Practitioners may want to look at group treatment. Dr. Ding is the director of epidemiology at Microclinic International, a non-profit development organization whose name is its mission, takes a social- and community-oriented approach to managing deadly diseases.In a microclinic, groups of two to six people share access to education, technology and social support as they work together to achieve lifestyle behavior changes that prevent and manage chronic conditions.
In Team Up 4 Health, a two-year pilot program co-sponsored by Microclinic, the residents of Bell County, KY put the principles of the microclinic to the test. According to Microclinic, by the end of the program’s first year, 97 percent of county residents who completed Team Up 4 Health saw improvement in one of the following areas: reduced body mass index, sustained weight loss, decreased symptoms of diabetes and reduced blood pressure.
Whatever the course of action, said Hubert Wewer, general manger of Pritikin Longevity Center & Spa in Florida, it needs to be achievable. “Nobody does it 100 percent, he said.” (Please see related sidebar on page 35.)
The path to cardiovascular health isn’t all jaunty walks and eating double cheeseburgers on multi-grain buns. Dr. Eliaz favors “a low glycemic diet with the right profile of fatty acids, meaning balanced omega-3 and omega-6 fats. Also, emphasize plenty of antioxidant-rich vegetables and fruits to combat inflammation and keep arteries clear. Caloric restrictions are important, regardless of how healthy your diet is.We tend to think that if we eat a low glycemic diet, we can eat as much as we want, but it’s not true—we’re still going to gain weight.”
Supplementation plays a big part in an improved cardiovascular profile. Dr. Galland recommends omega-3 and niacin.
“These seem to exert their greatest effect in people who are not taking conventional medications,” he said. “Beyond these, I find it important to do a nutritional evaluation and correct deficits.Magnesium deficiency should be corrected with supplements. For patients taking statin drugs, I recommended coenzyme Q10 (CoQ10) 100-300 mg/day.Vitamin D to produce a blood level of 25- hydroxy vitamin D in the mid-40s may be helpful; cardiovascular benefits are achieved with vitamin D and seem to plateau at about 43 ng/ml.”
Many supplements could be beneficial,but lack sufficient evidence, Dr. Galland Said. These include curcumin, lipoic acid and selenium. “The use of B vitamins to reduce homocysteine may be helpful for primary prevention,” he added, “but has not been shown to help for secondary prevention, although all clinical trials used folic acid rather than s-methyltetrahydrofolate, which is the preferred form.”
Because minerals, especially electrolytes, support “numerous aspects of cardiovascular/ heart health,” Dr. Eliaz recommends magnesium and calcium at a 1:1 ratio in addition to potassium, zinc and selenium.There is the “classical category”: vitamins C, D-3, A and K2; tocopherols; and the B vitamins.As for enzymes, “nattokinase and lumbrokinase also help with hyperviscosity and can reduce arterial plaque formation and increase circulation,” Dr. Eliaz added.
“Nattokinase has been the subject of 17 studies, including two small human trials,” said Dave Barton, director of education at Enzymedica, Inc., the Florida-based manufacturer of the Enzyme Science line of supplements.
“Researchers from JCR Pharmaceuticals (Japan), Oklahoma State University and Miyazaki Medical College tested nattokinase on 12 healthy Japanese volunteers (six men and six women between the ages of 21 and 55) ,” Barton continued. “The tests indicated that the natto generated a heightened ability to support circulation. On average, the volunteers’ ELT (a measure of how long it takes to dissolve a blood clot) dropped by 48 percent within two hours of treatment. An additional study showed an 11 percent decrease in blood pressure after just two weeks.”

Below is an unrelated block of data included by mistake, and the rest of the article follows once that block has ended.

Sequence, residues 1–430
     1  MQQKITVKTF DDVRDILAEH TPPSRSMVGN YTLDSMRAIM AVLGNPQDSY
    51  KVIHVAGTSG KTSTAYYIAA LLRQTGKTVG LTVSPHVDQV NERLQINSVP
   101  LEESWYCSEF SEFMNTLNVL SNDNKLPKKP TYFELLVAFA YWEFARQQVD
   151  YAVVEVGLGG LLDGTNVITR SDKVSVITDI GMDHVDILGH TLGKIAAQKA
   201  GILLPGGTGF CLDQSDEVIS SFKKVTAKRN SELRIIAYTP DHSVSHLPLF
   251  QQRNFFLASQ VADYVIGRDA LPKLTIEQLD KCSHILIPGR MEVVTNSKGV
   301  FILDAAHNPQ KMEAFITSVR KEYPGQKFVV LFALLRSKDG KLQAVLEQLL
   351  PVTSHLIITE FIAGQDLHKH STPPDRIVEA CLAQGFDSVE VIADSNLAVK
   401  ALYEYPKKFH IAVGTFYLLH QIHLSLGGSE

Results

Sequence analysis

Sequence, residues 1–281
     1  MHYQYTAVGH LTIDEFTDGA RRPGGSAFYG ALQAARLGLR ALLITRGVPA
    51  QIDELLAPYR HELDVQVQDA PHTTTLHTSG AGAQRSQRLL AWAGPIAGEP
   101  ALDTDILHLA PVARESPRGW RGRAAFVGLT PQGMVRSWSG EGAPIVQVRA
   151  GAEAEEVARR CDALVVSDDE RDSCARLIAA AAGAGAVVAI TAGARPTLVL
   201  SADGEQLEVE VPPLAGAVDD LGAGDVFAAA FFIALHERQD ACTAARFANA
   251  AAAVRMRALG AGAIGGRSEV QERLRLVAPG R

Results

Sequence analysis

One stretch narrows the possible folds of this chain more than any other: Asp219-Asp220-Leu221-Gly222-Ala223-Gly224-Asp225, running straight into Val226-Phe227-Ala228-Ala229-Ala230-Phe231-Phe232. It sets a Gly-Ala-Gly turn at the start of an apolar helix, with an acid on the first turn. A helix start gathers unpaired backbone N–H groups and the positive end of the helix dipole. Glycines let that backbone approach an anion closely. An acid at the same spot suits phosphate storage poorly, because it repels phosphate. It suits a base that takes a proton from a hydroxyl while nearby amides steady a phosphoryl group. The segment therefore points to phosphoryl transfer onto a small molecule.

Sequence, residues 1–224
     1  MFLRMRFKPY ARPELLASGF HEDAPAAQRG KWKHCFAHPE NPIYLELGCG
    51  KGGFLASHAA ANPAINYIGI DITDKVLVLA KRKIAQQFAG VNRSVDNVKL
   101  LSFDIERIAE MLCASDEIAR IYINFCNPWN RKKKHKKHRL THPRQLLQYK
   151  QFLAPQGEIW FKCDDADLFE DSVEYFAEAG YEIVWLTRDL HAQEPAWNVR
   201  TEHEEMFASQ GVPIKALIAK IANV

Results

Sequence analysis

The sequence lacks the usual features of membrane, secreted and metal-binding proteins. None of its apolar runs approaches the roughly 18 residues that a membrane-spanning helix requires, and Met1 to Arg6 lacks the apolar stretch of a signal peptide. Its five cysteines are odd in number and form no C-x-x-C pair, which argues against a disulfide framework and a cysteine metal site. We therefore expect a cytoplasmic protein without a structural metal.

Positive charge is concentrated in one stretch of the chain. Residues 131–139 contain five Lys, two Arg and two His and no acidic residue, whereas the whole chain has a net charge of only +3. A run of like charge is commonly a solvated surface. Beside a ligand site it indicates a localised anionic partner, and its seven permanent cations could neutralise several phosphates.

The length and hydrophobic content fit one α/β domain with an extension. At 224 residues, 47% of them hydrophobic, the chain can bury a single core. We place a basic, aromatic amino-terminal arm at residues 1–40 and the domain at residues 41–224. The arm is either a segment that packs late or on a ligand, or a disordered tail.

Supplement manufacturers have developed products starring these research-backed ingredients.
Carlson Laboratories’ cardiovascular multivitamin formula, HeartBeat Elite, features “a balanced combination of cardiac supporting B vitamins; vitamin C for blood vessel health; magnesium, carnitine and CoQ10 for cardiac tone and energy; and vitamins D and E for blood vessel, lipid balance and inflammation balance,” said Root. HeartBeat Elite, she advised, should be taken daily with any of Carlson’s omega-3 products.
Enzymedica’s Barton said that Enzyme Science Nattokinase Plus “contains a blend of nattokinase, lipase and CoQ10 to provide a synergistic formula for heart health. In general, proteolytic enzymes can be a big support to circulation by hydrolyzing specific protein molecules, like fibrin, that restrict/reduce blood flow.”
Dr. Eliaz described modified citrus pectin (MCP), available through a number of companies, as a special, enzymatically modified form of citrus pectin that is easily absorbed into the bloodstream. Of interest is MCP’s role as an inhibitor of galectin-3, a biological protein “directly involved in chronic inflammation and the remodeling of blood vessels and heart tissue. The American Heart Association just published a study showing that elevated galectin-3 in the body contributes to hardening of the arteries and atherosclerosis,” he explained, “and that MCP reversed these effects through its ability to bind and block galectin-3.”
Ayurveda is represented with the dairyand grain-free Renewal Greens from New Hampshire-based Innate Response. The product features the branded ingredient Capros, which James Doherty, brand manager at Innate Response, explained is derived from Phyllanthus emblica, a “superfood that has been scientifically proven to promote cardiovascular health, act as an effective detoxifier and rejuvenator, promote healthy skin and reduce free radical activity.”